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Advisories: GSA_kwCzR0hTQS1nMjVyLWd2cTMtd3JxN84AAxI8

Authenticated user can gain unauthorized shell pod and kubectl access in the local cluster


An issue was discovered in Rancher where an authorization logic flaw allows an authenticated user on any downstream cluster to (1) open a shell pod in the Rancher local cluster and (2) have limited kubectl access to it. The expected behavior is that a user does not have such access in the Rancher local cluster unless explicitly granted.

This issue does not allow the user to escalate privileges in the local cluster directly (this would require another vulnerability to be exploited).

The security issue happens in two different ways:

  1. Shell pod access - This is when a user opens a shell pod in the Rancher UI to a downstream cluster that the user has permission to access. The web request can be intercepted using the browser's web inspector/network console or a proxy tool to change the shell's destination to the Rancher local cluster instead of the desired downstream cluster.

    • This flaw cannot be exploited to access a downstream cluster that the user has no permissions to.

    • The shell pod runs with a limited non-root user, reducing the severity of this issue. However, even as a non-root user, it is still possible download and run binaries inside the shell pod.

    • The blast radius of this issue can increase based on the configuration of the local cluster. For example:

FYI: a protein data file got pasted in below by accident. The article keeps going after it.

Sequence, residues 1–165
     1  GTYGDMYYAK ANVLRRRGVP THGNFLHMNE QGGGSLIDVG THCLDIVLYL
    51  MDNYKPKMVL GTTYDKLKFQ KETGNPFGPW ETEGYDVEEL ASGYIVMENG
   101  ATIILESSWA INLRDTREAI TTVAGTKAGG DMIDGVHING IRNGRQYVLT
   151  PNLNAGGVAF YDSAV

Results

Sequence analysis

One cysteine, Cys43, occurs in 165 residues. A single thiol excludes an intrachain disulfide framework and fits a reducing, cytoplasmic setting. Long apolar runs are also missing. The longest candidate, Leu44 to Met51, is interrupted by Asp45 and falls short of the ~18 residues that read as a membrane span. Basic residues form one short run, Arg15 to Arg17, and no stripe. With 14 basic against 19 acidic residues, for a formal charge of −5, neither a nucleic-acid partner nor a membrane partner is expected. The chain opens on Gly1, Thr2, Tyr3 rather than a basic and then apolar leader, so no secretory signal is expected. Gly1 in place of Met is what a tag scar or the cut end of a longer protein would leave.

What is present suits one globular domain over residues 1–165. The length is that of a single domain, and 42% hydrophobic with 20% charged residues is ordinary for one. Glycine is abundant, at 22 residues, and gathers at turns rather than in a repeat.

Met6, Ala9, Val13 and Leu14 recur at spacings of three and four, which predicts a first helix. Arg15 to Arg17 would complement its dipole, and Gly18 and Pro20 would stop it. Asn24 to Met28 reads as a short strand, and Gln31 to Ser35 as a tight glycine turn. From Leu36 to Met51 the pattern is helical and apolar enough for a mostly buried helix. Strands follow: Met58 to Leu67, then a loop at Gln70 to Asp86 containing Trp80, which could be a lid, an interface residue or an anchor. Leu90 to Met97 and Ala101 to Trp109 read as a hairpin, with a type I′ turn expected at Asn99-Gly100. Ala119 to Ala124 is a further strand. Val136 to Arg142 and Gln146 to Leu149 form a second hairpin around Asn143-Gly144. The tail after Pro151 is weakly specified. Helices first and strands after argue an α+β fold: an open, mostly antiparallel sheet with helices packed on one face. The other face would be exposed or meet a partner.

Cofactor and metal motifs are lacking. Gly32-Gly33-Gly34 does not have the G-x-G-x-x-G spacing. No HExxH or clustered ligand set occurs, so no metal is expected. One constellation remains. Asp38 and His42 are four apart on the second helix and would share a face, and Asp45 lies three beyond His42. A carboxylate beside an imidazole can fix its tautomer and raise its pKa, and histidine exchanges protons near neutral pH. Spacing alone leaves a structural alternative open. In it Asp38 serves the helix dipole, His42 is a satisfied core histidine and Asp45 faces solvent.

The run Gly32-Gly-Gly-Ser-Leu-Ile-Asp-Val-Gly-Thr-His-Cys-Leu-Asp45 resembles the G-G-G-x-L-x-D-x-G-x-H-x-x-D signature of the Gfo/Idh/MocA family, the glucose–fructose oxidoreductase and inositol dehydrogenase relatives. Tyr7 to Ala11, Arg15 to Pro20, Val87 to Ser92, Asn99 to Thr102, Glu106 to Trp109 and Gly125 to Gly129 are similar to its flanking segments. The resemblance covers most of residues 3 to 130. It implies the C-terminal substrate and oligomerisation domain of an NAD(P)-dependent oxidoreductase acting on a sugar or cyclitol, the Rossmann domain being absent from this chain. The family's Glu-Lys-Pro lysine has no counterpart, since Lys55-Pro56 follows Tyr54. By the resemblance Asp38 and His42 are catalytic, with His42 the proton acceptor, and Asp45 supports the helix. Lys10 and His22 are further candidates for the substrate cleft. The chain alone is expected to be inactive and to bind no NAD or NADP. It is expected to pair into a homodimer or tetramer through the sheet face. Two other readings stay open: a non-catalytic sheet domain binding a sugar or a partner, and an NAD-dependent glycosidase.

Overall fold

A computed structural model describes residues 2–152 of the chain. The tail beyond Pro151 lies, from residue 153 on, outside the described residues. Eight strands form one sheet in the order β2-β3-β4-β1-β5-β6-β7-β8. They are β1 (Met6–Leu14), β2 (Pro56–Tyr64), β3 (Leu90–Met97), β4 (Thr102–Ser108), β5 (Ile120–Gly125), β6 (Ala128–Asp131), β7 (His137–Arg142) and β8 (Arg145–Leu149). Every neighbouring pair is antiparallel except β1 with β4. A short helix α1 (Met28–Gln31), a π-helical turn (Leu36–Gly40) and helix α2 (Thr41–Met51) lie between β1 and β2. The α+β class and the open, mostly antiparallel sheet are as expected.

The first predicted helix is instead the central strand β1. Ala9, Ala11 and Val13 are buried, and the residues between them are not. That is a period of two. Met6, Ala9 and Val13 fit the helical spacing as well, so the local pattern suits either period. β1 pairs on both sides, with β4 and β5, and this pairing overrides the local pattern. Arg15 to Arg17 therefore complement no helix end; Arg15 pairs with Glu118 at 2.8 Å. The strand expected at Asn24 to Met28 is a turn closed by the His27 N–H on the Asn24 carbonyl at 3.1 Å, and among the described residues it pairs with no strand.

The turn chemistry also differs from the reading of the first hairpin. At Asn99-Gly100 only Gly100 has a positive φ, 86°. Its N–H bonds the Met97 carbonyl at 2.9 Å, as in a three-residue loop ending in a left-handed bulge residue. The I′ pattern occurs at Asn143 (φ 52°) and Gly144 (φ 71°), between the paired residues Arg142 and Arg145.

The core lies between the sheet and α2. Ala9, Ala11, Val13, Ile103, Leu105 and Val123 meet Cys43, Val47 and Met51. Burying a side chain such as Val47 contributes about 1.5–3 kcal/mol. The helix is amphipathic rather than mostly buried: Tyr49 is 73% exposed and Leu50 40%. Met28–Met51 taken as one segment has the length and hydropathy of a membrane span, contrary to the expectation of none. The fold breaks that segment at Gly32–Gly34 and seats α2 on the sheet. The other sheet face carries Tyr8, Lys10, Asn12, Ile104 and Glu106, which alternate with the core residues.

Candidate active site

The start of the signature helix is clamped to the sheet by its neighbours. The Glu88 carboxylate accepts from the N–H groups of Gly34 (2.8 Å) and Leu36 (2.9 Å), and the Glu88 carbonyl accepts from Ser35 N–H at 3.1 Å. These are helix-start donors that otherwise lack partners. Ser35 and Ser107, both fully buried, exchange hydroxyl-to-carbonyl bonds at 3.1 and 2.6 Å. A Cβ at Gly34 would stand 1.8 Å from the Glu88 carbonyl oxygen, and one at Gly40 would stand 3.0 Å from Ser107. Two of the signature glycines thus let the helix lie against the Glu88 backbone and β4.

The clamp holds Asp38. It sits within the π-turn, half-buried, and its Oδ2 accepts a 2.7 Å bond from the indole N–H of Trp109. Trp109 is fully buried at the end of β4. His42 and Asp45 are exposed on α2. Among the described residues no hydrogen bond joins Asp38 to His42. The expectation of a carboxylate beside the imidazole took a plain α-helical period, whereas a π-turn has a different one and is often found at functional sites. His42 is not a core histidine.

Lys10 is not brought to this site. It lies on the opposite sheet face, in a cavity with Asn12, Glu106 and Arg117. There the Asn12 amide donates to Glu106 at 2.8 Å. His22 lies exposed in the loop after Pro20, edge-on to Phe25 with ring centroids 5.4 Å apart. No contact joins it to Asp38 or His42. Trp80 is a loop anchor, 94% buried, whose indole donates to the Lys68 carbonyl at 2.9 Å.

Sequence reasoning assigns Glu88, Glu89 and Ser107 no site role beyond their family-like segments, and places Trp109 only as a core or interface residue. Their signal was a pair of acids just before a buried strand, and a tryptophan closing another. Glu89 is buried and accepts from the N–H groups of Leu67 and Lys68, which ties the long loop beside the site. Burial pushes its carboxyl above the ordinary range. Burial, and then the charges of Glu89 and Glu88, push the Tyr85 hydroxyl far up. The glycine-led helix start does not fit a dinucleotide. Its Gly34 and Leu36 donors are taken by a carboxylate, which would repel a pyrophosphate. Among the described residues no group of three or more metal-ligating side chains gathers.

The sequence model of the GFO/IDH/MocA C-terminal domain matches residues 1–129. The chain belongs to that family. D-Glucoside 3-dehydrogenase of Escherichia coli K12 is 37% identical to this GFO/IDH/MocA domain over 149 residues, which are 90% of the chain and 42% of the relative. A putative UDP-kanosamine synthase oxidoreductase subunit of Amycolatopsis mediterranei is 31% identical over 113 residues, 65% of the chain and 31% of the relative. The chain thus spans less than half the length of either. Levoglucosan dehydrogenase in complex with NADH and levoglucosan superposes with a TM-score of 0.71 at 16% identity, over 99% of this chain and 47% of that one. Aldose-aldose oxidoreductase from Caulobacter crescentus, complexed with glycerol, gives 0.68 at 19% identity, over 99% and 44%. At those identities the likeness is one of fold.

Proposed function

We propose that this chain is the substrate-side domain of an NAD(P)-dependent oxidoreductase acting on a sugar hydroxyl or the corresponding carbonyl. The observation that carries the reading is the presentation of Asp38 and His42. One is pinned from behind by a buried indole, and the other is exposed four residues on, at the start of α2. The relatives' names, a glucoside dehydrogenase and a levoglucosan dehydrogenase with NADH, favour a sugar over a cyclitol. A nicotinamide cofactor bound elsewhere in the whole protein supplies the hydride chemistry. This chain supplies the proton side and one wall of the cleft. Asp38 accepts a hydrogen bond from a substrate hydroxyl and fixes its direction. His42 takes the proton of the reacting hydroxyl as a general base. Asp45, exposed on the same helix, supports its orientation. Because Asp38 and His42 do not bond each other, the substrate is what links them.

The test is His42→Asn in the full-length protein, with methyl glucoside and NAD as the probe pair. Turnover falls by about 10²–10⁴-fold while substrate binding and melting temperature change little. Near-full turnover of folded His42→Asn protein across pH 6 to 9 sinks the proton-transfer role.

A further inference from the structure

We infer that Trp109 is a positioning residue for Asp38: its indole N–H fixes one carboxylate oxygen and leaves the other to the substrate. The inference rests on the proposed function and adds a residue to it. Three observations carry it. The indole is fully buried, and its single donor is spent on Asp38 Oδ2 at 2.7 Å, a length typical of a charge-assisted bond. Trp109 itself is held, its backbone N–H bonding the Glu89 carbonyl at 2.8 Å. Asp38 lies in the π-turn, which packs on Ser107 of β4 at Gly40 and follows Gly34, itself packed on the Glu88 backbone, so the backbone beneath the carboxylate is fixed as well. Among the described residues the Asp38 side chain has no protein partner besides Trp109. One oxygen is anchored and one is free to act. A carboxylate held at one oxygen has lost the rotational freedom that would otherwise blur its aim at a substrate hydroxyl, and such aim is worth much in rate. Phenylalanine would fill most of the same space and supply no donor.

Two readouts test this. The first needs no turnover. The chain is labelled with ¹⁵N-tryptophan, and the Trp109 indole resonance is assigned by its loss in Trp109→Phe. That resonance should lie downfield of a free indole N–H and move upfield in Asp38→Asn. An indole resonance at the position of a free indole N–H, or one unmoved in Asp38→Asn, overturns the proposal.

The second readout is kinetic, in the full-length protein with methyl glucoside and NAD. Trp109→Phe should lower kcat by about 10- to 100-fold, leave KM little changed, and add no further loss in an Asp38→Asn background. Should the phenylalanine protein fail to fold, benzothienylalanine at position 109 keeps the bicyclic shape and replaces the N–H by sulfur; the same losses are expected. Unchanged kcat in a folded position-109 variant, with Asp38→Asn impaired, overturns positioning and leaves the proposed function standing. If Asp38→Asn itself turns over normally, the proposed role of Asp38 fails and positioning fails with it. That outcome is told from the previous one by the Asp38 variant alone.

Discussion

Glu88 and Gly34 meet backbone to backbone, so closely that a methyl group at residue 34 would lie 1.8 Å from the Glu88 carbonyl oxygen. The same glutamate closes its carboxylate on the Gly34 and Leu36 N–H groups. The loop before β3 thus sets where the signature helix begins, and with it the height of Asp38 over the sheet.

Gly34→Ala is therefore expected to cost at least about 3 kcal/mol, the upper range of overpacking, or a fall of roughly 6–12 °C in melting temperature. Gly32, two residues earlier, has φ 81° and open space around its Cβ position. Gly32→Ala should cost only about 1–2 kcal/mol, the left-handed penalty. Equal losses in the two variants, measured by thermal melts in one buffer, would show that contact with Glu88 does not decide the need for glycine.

• If the local cluster has unlimited network access, e.g. to the Internet, the user can open a reverse network connection to the shell pod.

      • Or access the cloud metadata API of the underlying cloud infrastructure, where the user can extract the credentials associated with the local cluster and use them to interact with the cloud environment (this will be limited by the permissions granted to the cloud credentials in question).

      • Check further recommendations about liming access to the cloud metadata API in Rancher's security best practices.

  2. Kubectl access - When downloading the kubeconfig file of a downstream cluster that the user has access to, the server cluster address in the kubeconfig file can be changed to point to the Rancher local cluster instead of the intended downstream cluster.

    • This can also be achieved by crafting a kubeconfig using a Rancher token instead of using the kubeconfig from an active cluster.

    • This flaw cannot be exploited to access a downstream cluster that the user has no permissions to.



There is no workaround or direct mitigation besides updating to a patched Rancher version.


Patched versions include releases 2.5.17, 2.6.10, 2.7.1 and later versions.

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Source: GitHub Advisory Database
Origin: Unspecified
Severity: High
Classification: General
Published: 11 days ago
Updated: 11 days ago

CVSS Score: 7.4
CVSS vector: CVSS:3.1/AV:N/AC:L/PR:L/UI:N/S:C/C:L/I:L/A:L

Identifiers: GHSA-g25r-gvq3-wrq7, CVE-2022-21953

Affected Packages
Versions: >= 2.7.0, < 2.7.1, >= 2.6.0, < 2.6.10, >= 2.5.0, < 2.5.17
Fixed in: 2.7.1, 2.6.10, 2.5.17